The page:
Unformatted text preview: CHEM 350: Introduction to Biological Chemistry
Brian Lee, Ph.D.
Ofﬁce: Neckers 146G or 324
Hours: 9:30am to 10:30am or by appointment
Textbook (required, U.S. edition only)
Fundamentals of Biochemistry, 3rd Ed., Voet, Voet & Pratt.
Study Guide (recommended)
Student Companion to Fundamentals of Biochemistry, 3rd Ed.
Tuesday 6:30 to 7:30 pm in Neckers 218
Thursday 5:00 to 6:00 pm in Neckers 410 Announcements
Undergraduate Research Opportunities
Research for credit (such as CHEM 396 or CHEM 496)
Student worker ($8.00 per hour) (http://www.siu.edu/~fao/jobs/)
Undergraduate Assistantships (http://www.siu.edu/~fao/jobs/)
McNair Scholars Program (http://www.siu.edu/~mcnair)
REACH Awards Competition (http://www.siu.edu/~reach/)
Summer Research Experiences for Undergraduates (REU)
Deadline for SIUC REU Program is March 7th
For other REU programs, search the National Science Foundation site:
Students must contact the individual sites for information and
application materials. NSF does not have application materials and does
not select student participants. A contact person and contact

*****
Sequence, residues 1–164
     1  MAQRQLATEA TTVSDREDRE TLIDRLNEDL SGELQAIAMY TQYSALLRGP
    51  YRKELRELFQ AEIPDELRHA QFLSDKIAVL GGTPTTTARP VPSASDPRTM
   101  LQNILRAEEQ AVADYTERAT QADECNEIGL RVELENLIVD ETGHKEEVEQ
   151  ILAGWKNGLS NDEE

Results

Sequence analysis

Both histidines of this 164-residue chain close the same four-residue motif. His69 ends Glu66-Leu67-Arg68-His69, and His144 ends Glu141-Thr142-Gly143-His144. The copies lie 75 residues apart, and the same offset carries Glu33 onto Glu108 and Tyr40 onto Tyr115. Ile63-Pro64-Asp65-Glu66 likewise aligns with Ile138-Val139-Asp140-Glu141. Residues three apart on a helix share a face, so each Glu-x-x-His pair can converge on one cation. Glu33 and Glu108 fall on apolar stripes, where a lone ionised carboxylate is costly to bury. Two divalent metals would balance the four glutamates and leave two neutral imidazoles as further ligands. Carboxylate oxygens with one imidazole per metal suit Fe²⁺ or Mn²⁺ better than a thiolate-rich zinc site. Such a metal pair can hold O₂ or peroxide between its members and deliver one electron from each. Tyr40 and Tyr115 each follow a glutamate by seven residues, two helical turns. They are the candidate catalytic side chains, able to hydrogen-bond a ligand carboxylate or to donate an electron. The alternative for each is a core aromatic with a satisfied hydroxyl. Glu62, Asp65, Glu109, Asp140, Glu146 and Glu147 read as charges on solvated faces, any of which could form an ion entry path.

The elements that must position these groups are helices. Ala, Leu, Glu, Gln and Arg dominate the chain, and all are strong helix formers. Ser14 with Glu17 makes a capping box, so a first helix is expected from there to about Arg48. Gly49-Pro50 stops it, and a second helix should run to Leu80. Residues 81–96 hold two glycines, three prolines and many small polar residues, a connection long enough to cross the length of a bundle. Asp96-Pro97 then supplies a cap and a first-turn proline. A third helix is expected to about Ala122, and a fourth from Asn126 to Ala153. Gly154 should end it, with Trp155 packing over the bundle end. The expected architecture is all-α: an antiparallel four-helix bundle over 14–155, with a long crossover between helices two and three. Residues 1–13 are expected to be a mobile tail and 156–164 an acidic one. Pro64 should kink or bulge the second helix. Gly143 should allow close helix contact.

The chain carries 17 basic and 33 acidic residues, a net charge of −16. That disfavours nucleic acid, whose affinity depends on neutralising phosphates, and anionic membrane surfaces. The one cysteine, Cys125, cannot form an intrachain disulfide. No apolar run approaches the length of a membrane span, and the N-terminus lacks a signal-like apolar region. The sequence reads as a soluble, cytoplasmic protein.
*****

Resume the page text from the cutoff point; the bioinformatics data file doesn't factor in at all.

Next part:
information is listed for each site. Assignments
Read Chapter 9 Lipids and Biological Membranes
Chapter 9 Problems
Student Companion site for Voet, Voet & Pratt
http://bcs.wiley.com/he-bcs/Books?action=index&bcsId=4274&itemId=0470129301 Second Midterm Exam, Wednesday February 29th
Chapters 6 through 9 (All exams are cumulative)
No class on Monday, February 27th (no ofﬁce hours) Help Desk
Tuesday 6:30 to 7:30 pm in Neckers 218
Thursday 5:00 to 6:00 pm in Neckers 410 Lipids as Hormones: Intercellular Messengers
Steroids are carried by the
bloodstream to distant
tissues to regulate
kidney function, and
As oxidized derivatives of
sterols, steroids are more
polar than cholesterol and
bind to receptors on the
membrane surface. Steroid drugs have an
by inhibiting phospholipase
activity and reducing
prostagladin synthesis. Vitamin D production and metabolism
Photolytic action of UV light Vitamin D regulates
metabolism in kidneys,
bones and intestines. Rickets
Vitamin D deﬁciency
reduces uptake of
Ca2+ from intestines. Vitamin D toxicity
Excess vitamin D
leads to high Ca2+
seru m levels causing
kidney stones. Steroid synthesis:
Sterols and other isoprenoids
are synthesized by combining
isoprene units. Seven isoprene
units are used to make squalene,
a precursor for sterol. isoprene (5 carbons) Steroid synthesis:
Oxidosqualene cyclase creates
the four ring structure of the
the sterol precursor.
19 steps are required to
generate cholesterol from the
rearrangement of lanosterol. Other isoprenoids are built from isoprene units.